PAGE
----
Toyota Innova Hycross review, road test

    To know if the Hycross carries forward the legacy of the Innova moniker, we put it through our comprehensive road test.

    Published on Jun 20, 2023 08:00:00 AM


    Toyota Innova Hycross

    The Hycross is based on Toyota’s global TNGA-C ‘High’ platform, so it is a monocoque, the engine is transversely mounted and it powers the front wheels. This is in stark contrast to the outgoing Innova Crysta, which is a ladder-frame construction; its engine is longitudinally mounted and it drives the rear wheels. Compared to the Crysta, the Hycross is 20mm longer and wider, and has a wheelbase that’s a whopping 100mm longer; so it is a large car. And because it is based on a monocoque platform, it weighs 1,545kg, which makes it 205kg lighter than the ladder-frame petrol automatic Crysta (discontinued). The diesel with far more equipment and the hybrid tech tips the scales at 1,715kg, a whopping 170kg more than the petrol.

    Clockwise from top left: The Hybrid gets 18-inch alloys; LED headlamps' perfomance adequate; Huge sunroof ups the hybrid's premium quotient; Spare tyre is located under the body.

    Toyota designers have done a splendid job in not just modernizing the Innova but also upping its butch character without losing its essence. So, what you see is an imposing, almost SUV-like front-end, courtesy of its oversized hexagonal grille, stretched-out headlamps that resemble a Fortuner and a raised, muscular bonnet. On the sides, it has some SUV-esque elements like neatly sculpted body lines, subtly defined squared-out wheel arches and plastic body cladding, but there’s no getting away from its MPV-like profile. The window line in the Hycross distinctly flows downwards towards the rear, unlike the Crysta’s sharp upward kink. Its slab-sided rear design and horizontal tail-lamps link it to some crossovers in Toyota’s international portfolio.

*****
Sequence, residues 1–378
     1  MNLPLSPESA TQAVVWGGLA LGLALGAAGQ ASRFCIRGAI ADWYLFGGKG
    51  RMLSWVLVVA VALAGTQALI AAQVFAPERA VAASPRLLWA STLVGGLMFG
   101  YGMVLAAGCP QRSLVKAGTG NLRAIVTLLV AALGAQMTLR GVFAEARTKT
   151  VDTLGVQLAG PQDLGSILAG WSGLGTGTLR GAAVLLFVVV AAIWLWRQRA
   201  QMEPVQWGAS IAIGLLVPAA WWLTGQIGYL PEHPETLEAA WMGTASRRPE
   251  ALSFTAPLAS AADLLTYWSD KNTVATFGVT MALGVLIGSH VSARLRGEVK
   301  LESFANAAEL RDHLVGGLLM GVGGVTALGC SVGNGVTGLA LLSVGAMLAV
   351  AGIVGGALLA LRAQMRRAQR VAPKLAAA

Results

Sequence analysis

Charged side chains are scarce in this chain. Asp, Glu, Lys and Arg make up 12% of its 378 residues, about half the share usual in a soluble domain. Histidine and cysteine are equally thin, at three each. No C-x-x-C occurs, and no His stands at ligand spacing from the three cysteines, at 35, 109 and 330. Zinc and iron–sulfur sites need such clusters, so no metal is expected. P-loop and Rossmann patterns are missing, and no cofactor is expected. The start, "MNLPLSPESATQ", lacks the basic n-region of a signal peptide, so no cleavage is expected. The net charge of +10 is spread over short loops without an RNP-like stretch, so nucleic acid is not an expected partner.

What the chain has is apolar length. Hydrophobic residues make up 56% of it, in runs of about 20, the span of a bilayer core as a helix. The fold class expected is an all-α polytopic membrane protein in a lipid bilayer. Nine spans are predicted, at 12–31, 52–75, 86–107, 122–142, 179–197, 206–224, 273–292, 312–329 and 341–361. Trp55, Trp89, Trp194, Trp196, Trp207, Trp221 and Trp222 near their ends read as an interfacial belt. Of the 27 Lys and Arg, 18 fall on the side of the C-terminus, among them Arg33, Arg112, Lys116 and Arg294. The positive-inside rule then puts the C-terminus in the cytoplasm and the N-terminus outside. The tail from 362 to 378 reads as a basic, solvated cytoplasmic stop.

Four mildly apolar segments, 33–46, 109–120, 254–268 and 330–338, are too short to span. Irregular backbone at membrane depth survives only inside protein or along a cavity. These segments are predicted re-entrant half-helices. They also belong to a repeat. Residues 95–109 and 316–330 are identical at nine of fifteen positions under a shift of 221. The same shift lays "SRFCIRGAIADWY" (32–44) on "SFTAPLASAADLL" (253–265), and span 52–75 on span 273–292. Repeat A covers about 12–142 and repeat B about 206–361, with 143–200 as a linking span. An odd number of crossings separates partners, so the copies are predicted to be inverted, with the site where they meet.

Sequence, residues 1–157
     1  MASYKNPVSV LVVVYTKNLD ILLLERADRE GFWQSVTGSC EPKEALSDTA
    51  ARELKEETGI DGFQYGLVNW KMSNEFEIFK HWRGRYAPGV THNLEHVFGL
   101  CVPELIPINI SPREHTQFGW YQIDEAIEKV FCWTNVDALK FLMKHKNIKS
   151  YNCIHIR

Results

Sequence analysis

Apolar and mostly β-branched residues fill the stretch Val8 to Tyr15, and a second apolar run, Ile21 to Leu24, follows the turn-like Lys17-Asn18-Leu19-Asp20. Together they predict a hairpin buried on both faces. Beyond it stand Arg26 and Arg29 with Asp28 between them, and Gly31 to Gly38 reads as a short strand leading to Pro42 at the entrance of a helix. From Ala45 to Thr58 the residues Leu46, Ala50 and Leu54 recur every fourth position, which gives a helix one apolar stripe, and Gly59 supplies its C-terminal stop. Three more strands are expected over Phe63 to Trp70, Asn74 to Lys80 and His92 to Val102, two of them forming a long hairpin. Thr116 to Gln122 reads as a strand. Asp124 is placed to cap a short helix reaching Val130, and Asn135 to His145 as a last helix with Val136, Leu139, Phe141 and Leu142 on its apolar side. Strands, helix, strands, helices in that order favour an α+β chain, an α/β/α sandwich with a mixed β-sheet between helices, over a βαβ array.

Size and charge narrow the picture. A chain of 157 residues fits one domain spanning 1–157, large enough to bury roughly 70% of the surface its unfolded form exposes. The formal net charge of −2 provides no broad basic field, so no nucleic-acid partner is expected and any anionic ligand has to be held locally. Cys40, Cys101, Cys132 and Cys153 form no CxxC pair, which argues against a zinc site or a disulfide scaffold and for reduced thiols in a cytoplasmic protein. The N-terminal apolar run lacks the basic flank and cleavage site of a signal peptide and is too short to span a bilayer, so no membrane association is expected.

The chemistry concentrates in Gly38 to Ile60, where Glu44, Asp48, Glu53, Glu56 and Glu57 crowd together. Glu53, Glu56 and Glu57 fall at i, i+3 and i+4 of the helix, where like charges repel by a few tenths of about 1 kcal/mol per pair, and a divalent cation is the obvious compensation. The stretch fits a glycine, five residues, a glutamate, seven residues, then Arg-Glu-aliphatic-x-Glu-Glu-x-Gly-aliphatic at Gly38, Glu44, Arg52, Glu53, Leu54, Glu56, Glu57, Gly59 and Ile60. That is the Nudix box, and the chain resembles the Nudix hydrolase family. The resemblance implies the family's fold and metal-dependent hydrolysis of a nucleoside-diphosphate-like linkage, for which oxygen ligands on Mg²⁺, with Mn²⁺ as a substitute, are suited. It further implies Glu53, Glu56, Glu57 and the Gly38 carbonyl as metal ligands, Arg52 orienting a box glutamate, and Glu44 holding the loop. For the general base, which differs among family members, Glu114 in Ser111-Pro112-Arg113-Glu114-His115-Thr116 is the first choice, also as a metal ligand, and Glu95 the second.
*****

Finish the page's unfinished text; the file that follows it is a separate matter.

The hybrid version gets upmarket touches like thick chrome under its front grille, matte silver inserts on the front bumper as well as oversized horizontal LED DRLs, which double-up as turn indicators. It also features twin five-spoke 18-inch alloys finished in silver which look attractive, however the tyre profile and its narrow track, in the front and at the rear, look a bit under-tyred.

    Clockwise from top left: Brake auto-hold function is very convenient; Hybrid's captain seats and ottoman are very comfortable; Hybrid also gets rear climate control and ventilated front seats.

    In comparison, the petrol Innova is available only in the lower-spec G and GX variants, and it screams ‘base variant’ in its appearance. Not only does it miss the silver highlights and chrome garnishings of the hybrid, but its skinny 205/65 R16 tyres lead to massive gaps in the wheel arches. This variant’s disproportionate wheel-to-body ratio makes it look almost comical from certain angles.

    Copyright (c) Autocar India. All rights reserved.

    Naman Jain - 393 days ago

    Strange to see that ground clearance figure not mentioned or NA while google shows all. Any valid reason not to mention here as its hard to understand when one has the vehicle on hand / under review why its difficult to measure/estimate this (laden/unladen)?

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